What is user onboarding? To cut the long story short, let me bring you an example. Imagine you have invited people to your home which is located in a forest deep in the trees and bushes. And you want to make sure your guests find the house and don’t leave without paying you a visit.
What can you do? Of course, you might try to show the shortest route to your home and mark it with a few nice road signs. You might also want to make those signs brief and fun so that it is easier for your guests to reach your place, right? Onboarding is just like this.
Your app is your home and onboarding is the route that takes the users (guests) to it. If the route is too complicated and/or full of unnecessary details (signs), the users might be bored and might leave without paying you a visit i.e. without actually using your app.
So, what does it take to turn user onboarding into a really pleasurable and useful experience? Let’s take a look at a few onboarding do’s and don’ts.
Highlight your value proposition
Diverse features and exciting functionality are cool, but showing users what they can do with those features is important. This is called highlighting your value proposition.
While many apps make the mistake of telling users about the awesomeness of their app, others show their users how the app can change their lives for the better. For example, the makers of Elevate know that people don’t care about features – instead, they care about what they can do with them. Thus, when you open the app, a simple value proposition tells you what the app is for – it is for personalized brain training.
Keep it quick and fun
Users won’t like the idea of swiping through a dozen screens before they can eventually use the app. Hence, it’s important to prioritize and stick to the most important things.
Screens full of text, numbers, and illustrations might freak out the users. So, make sure to keep it all brief and fun. Stick to one feature explanation per screen in order not to overwhelm users. Incorporating progress indicators is a smart move. They usually come in the form of small circles that give the user an idea of how many screens there remains until they eventually get to the app. It is vital to let people know whether they are at the beginning, middle, or at the end of their onboarding experience.
One of the best examples of user onboarding can be seen on Medium again. Here, there are only two screens: one emphasizing the value proposition and the other one offering to select story streams.
Lookout has one of the most gorgeous user onboarding screens with progress indicators. There are only four screens each of which focuses on one feature explanation at a time. Note that the explanation is written in a way as to help the user get the idea of what they can do with the app: they can “Secure,” “Locate,” “Protect,” and “Back Up.” Each verb is then followed up with a brief sentence and a few minimalistic illustrations that help visualize it.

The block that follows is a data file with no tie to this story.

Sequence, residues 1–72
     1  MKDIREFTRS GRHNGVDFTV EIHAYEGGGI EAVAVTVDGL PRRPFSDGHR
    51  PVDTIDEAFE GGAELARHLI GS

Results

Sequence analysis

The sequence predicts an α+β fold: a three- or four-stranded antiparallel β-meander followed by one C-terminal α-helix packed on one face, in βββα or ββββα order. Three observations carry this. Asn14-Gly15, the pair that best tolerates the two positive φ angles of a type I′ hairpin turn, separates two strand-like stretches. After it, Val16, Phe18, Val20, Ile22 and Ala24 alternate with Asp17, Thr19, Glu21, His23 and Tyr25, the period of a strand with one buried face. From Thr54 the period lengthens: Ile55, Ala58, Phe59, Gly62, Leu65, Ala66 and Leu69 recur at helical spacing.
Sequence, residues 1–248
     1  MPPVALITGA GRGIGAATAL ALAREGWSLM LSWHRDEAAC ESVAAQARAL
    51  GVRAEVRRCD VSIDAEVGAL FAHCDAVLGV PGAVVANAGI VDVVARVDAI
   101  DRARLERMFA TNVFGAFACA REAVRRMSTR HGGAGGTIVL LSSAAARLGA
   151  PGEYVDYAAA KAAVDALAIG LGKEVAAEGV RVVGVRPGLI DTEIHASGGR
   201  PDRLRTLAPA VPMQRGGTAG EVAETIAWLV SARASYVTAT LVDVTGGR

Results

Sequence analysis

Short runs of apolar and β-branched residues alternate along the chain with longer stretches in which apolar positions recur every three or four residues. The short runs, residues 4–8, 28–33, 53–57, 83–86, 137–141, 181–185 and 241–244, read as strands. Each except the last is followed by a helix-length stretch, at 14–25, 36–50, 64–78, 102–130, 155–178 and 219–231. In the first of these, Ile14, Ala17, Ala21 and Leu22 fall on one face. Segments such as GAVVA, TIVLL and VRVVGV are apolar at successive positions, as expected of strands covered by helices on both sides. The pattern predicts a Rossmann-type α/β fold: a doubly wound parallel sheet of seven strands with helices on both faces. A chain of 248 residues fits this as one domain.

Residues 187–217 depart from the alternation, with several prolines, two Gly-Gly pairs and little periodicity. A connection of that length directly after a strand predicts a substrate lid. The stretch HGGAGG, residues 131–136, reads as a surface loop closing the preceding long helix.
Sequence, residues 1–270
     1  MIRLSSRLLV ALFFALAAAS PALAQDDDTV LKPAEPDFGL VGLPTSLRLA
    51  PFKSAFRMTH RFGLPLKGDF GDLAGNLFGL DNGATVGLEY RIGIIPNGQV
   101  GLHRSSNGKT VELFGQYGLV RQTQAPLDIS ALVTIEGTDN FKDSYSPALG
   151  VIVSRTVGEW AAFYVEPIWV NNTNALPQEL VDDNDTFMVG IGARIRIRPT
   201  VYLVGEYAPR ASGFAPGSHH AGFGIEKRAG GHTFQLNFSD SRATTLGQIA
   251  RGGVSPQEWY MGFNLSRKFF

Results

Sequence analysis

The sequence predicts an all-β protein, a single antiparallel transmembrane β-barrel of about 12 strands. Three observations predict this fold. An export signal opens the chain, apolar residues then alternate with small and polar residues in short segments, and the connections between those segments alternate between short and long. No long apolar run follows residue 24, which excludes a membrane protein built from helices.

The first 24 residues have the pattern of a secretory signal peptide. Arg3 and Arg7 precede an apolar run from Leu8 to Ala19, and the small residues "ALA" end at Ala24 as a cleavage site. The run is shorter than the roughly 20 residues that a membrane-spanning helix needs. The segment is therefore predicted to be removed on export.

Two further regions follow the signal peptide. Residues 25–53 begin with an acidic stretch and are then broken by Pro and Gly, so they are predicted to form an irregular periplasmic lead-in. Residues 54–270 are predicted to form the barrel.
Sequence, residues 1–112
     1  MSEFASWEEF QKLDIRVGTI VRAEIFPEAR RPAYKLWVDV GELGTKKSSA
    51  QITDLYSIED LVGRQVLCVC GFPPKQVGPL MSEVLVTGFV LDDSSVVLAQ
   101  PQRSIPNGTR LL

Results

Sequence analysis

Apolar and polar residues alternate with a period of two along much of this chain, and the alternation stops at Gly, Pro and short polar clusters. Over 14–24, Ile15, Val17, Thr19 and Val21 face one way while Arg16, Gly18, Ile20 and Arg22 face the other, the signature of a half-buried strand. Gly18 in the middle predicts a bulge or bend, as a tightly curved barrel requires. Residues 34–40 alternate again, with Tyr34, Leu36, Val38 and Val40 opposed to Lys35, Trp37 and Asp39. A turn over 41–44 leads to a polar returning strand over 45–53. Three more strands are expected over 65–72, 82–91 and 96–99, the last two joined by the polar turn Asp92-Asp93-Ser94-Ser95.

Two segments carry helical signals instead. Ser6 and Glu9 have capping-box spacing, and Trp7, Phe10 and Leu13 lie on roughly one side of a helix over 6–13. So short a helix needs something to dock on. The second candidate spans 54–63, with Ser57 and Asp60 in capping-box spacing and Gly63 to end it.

Emphasize core features
While you need to be as brief as possible, users still need to understand the key functionality of your app. Show users your app’s key features and then use a CTA (call to action) for them to learn the prices/learn more or just sign up.
Let’s take a look at Lemonade. You can see the value proposition which is quite intriguing, “Forget everything you know about insurance.” You already get the idea that Lemonade is an app related to insurance. Then come three screens with doodle visuals and minimal text explaining the app’s core features in the simplest way possible. The last screen offers a CTA “Check out our prices” which stands there to help users learn more about the app without getting overwhelmed with too much information.
And remember, you do not need to go into much detail. You can always showcase other app features (the less essential ones) later on. Let’s not forget about in-app messages that allow providing users with extra information about additional features or anything else.
Make the signing up process easy
Signing up should never pose any barriers to app adoption. This in mind, you should make it as easy as possible. It is a good idea to always give users the option to sign in to your app through existing social media accounts like Google+, Twitter, or Facebook. But remember that some users might want to sign up with an email address. Always leave the choice up to them.
Also, consider the timing: some apps ask users to sign up at the end of the onboarding process. However, other apps ask users to sign up immediately after they open the app for the first time. So, take your time to do A/B testing and decide which variant works best for you.
In the below example, PicsArt allows its users to opt for either Google, Facebook or email registration.
Tinder, on the other hand, allows signing up either using Facebook or a phone number.
In some cases, you cannot explain everything through the onboarding process. However, it’s important to use user onboarding to provide users with extra resources. Some of your potential users will find this educational information and will get back to you.
If you think your app has complex functionality, you can use video tutorials and place them somewhere within the app. They will be extremely handy as compared to coaching screens with brief texts and illustrations. In the end, it’s up to you to incorporate onboarding screens or not. Do your research, conduct A/B testing and see what your users think. If you ever opt for onboarding, make sure it’s intuitive, fun, and as quick as possible. Happy onboarding!
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Anna is a digital marketing specialist and a storyteller with a passion for knowledge and a flair for writing. She strongly believes that knowledge is meant to be shared, for there is a lot we can learn from each other. Her hobbies include reading, photographing, testing apps, drinking wine, and traveling. She has founded the Anatown magazine.